First, let me say that the two sides of the issue are aptly named. The pro-life movement is about protecting lives of fetuses. The pro-choice movement is about protecting the right to choose to abort fetuses. And let's agree for the sake of this discussion to lable each party as such, since generally that's how the voters allign themselves. We know that pro choicers and pro lifers cross party lines, but that's not helpful to this discussion. Each party represents one side of the issue, and the agendas will follow.
I like to think that regardless of party lines, Americans believe that the right to life is the greatest of human rights.
If you accept that a fetus is a human life, then you must treat it as such. For you, abortion on demand is not negotiable. Notice I wrote abortion on demand. Most pro-lifers do not demand a woman face death to protect her pregnancy, they just don't tolerate it as a form of birth control. The republican party represents this platform, regardless of the fact that not all Republicans are pro-life, and not all pro-lifers are Republican.
If you do not accept that a fetus is a life, then you must consider that abortion is an acceptable escape route for those with unwanted pregnancies. The Democratic party represents this platform regardless of the fact that not all Democrats are not pro-choice , and not all pro-choicers are not Democrats.
The democratic party may not be the party of abortion, but it is the party of abortion on demand. Now I ask you, what is the difference?
If you accept that a fetus is a human life, but you are pro choice, then you must accept that you have placed a greater value on the desires of the born than on the life of the unborn.
If you do not accept that a fetus is a human life, then you should have no qualms with abortion. In fact, it seems irrational for you to feel badly that abortion occurs. Therefore, it is irrational for you to object to the term "the party of abortion". Indeed, it makes more sense for you to convince others that abortion is not wrong.
I know it feels good to empathise with those who face unwanted pregnancies. An unwanted pregnancy is a heavy burden, and not always the result of irresponsibility. Regardless, it is not my position that the right to not be pregnant trumps the right to live? Is it yours? Have you rigorously examined your decision to be pro-choice? If you are troubled with the title "the party of abortion", then I suspect you have not.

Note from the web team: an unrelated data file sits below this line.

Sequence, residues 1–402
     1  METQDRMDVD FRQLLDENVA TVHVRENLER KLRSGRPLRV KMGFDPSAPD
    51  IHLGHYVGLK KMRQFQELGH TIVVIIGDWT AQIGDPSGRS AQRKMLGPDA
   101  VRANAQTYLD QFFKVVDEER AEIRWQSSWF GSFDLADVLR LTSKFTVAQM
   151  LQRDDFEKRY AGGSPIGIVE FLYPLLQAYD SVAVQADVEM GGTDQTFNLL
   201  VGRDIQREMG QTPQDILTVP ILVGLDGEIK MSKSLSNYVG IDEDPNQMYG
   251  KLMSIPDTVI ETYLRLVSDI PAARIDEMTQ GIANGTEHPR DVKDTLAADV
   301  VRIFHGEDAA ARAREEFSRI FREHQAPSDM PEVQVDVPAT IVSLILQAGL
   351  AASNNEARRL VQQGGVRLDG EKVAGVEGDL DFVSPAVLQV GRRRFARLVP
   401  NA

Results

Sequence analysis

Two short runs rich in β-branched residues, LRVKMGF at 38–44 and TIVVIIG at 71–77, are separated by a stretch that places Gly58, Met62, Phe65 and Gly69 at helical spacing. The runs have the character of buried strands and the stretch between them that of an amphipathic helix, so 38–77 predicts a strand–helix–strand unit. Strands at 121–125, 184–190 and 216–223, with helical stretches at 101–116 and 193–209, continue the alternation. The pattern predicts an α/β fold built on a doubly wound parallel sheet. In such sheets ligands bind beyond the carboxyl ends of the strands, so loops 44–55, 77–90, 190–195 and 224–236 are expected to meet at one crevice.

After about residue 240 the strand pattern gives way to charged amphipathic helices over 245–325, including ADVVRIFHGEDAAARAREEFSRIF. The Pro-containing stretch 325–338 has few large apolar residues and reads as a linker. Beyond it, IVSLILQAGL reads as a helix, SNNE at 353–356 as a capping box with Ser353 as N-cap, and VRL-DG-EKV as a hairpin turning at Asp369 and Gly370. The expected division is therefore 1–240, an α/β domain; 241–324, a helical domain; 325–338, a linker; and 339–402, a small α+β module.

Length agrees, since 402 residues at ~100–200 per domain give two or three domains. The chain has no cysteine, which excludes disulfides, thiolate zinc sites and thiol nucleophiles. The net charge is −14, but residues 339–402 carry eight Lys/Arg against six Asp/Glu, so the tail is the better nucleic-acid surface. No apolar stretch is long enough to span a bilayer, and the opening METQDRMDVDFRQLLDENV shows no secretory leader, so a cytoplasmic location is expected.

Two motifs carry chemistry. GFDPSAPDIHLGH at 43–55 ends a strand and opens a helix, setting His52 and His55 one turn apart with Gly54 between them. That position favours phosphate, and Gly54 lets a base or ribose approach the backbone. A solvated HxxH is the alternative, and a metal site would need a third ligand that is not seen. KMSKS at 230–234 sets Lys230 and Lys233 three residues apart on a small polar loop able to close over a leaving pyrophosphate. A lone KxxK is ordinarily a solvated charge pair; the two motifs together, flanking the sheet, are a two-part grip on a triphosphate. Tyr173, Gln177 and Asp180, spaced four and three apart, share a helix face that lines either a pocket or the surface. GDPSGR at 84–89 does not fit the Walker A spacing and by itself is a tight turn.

Friday, November 11, 2005
However, can you explain why Reid called for a closed session of congress to demand what is already ongoing? That was the bee in my bonnet that day. It has resulted in yet another bipartisan commission, this one apparently to investigate the (bipartisan) investigation. Surely you understand that costs tax dollars.
I have a number of other responses to your comments;
Republicans spent more money chasing Clinton than Democrats have on Libby . Yes, I admit that Republicans were out to get Clinton. It cost a lot of money. However, it's unfair to compare the cost of a completed investigation with one that is ongoing; or a campaign against one man with many. While Libby's expenses are unlikely to exceed Clinton's, remember that there seems to be a campaign to indict Republicans wherever possible (how many grand juries did it take to indict Lott, four, or five?). This link regarding process in grand jury hearings is the most important one in this post).
For the 10 millionth time, the Clinton thing was not all about sex. In fact, Starr's investigation started with Whitewater which followed travelgate. There was good reason to investigate too, lest you feel inclined to just blow off these scandals. Don't forget that two of Clinton's Ark. pals died during the course of the investigation (one in prison just when he was announcing a willingness to talk). A third also spent time in jail rather than speak. At the time, Starr was convinced Clinton was committing perjury, but he had insufficient evidence of it. When Paula Jones brought her suit against Clinton, Starr extended his investigation into Jones' allegations, at which time Clinton proved himself a perjurer. He was censured, fined, and impeached in the House for that, not for sticking cigars up a subordinate's ying yang (it should be noted that while not all Republican senators voted "guilty" on Clinton's charge, all Democratic Senators voted "not guilty").
It is not my position that intelligence regarding the war should not be investigated. It is my opinion that the investigation is a red herring to avoid responsibility for giving the President authorization for use of force against Iraq. I think the Democrats saw that the outrage expressed by public officials against Clinton hurt the Democratic party. They have internalized that lesson and are using it now against the Republicans. But adding committees and calling for investigations are not without cost. So without letting Republicans off the hook for going after the Clintons, I think we can still examine the Libby and Lott issues.
First Libby: It is unclear that Libby broke the protection of identities law. First, Plame's status for protection under that law is unclear. Second, one would have to prove intent which is very hard to do. Considering the odds in grand jury hearings are so stacked against the defendant, I think if there was a chance of convicting Libby for outing Plame, the grand jury would have found it. As for the indictment for obstruction of justice, etc., it could be real; or Libby could have been tripped up. After all, the defendant does not have his lawyer present to defend him against badgering, or other tactics. I think that's something to consider. It's a far cry from a rehearsed lie stated on television and in a trial with defense representation present.